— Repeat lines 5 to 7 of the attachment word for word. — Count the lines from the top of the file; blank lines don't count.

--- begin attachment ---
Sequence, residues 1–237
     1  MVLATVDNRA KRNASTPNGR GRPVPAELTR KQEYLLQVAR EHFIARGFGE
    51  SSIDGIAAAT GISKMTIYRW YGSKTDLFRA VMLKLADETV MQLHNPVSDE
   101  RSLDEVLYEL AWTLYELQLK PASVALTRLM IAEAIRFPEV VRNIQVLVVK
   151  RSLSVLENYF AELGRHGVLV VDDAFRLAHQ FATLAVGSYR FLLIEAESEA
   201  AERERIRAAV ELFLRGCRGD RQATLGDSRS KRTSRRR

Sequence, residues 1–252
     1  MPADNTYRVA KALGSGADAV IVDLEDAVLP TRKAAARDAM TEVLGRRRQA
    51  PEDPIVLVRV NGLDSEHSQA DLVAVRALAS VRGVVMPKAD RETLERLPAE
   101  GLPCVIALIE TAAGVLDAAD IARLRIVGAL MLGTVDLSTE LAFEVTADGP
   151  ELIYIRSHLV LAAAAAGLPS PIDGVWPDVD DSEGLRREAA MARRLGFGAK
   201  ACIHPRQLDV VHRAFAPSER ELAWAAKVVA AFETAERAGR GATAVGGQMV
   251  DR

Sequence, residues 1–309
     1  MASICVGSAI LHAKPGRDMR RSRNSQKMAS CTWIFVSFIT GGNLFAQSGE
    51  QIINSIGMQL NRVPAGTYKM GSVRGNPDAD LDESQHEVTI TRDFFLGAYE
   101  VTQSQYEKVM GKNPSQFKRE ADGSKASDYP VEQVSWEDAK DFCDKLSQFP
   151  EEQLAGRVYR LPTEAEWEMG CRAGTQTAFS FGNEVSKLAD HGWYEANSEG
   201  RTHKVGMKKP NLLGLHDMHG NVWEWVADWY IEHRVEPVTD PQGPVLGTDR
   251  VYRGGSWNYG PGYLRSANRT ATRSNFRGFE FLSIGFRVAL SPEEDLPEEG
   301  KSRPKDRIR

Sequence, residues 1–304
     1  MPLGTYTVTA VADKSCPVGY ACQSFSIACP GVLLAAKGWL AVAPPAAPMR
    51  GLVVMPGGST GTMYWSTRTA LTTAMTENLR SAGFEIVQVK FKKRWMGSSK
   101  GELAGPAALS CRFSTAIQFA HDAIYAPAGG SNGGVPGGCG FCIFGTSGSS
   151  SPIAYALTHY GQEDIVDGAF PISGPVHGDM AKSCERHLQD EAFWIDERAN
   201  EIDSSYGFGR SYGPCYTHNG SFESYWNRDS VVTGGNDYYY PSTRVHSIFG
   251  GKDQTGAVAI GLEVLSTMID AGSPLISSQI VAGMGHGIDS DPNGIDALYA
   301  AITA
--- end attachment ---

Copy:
   151  RSLSVLENYF AELGRHGVLV VDDAFRLAHQ FATLAVGSYR FLLIEAESEA
   201  AERERIRAAV ELFLRGCRGD RQATLGDSRS KRTSRRR

Sequence, residues 1–252